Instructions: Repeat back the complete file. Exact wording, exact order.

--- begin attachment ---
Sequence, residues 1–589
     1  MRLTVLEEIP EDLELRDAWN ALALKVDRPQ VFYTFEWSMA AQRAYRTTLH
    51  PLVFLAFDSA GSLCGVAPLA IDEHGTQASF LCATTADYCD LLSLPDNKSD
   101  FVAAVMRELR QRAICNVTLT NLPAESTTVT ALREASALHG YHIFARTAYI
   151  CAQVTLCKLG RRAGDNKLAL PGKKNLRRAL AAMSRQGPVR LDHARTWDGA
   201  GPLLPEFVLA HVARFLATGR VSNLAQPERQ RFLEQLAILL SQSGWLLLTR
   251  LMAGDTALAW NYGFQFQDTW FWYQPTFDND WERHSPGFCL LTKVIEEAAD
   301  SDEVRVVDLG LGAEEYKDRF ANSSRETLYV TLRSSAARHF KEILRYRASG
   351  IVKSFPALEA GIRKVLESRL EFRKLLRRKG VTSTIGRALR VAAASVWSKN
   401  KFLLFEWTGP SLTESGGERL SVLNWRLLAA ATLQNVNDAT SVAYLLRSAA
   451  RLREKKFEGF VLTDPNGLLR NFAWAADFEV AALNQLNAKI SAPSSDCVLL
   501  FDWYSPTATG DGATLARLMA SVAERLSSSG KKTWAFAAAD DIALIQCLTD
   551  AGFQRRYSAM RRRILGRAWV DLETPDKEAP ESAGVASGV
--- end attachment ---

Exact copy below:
Sequence, residues 1–589
     1  MRLTVLEEIP EDLELRDAWN ALALKVDRPQ VFYTFEWSMA AQRAYRTTLH
    51  PLVFLAFDSA GSLCGVAPLA IDEHGTQASF LCATTADYCD LLSLPDNKSD
   101  FVAAVMRELR QRAICNVTLT NLPAESTTVT ALREASALHG YHIFARTAYI
   151  CAQVTLCKLG RRAGDNKLAL PGKKNLRRAL AAMSRQGPVR LDHARTWDGA
   201  GPLLPEFVLA HVARFLATGR VSNLAQPERQ RFLEQLAILL SQSGWLLLTR
   251  LMAGDTALAW NYGFQFQDTW FWYQPTFDND WERHSPGFCL LTKVIEEAAD
   301  SDEVRVVDLG LGAEEYKDRF ANSSRETLYV TLRSSAARHF KEILRYRASG
   351  IVKSFPALEA GIRKVLESRL EFRKLLRRKG VTSTIGRALR VAAASVWSKN
   401  KFLLFEWTGP SLTESGGERL SVLNWRLLAA ATLQNVNDAT SVAYLLRSAA
   451  RLREKKFEGF VLTDPNGLLR NFAWAADFEV AALNQLNAKI SAPSSDCVLL
   501  FDWYSPTATG DGATLARLMA SVAERLSSSG KKTWAFAAAD DIALIQCLTD
   551  AGFQRRYSAM RRRILGRAWV DLETPDKEAP ESAGVASGV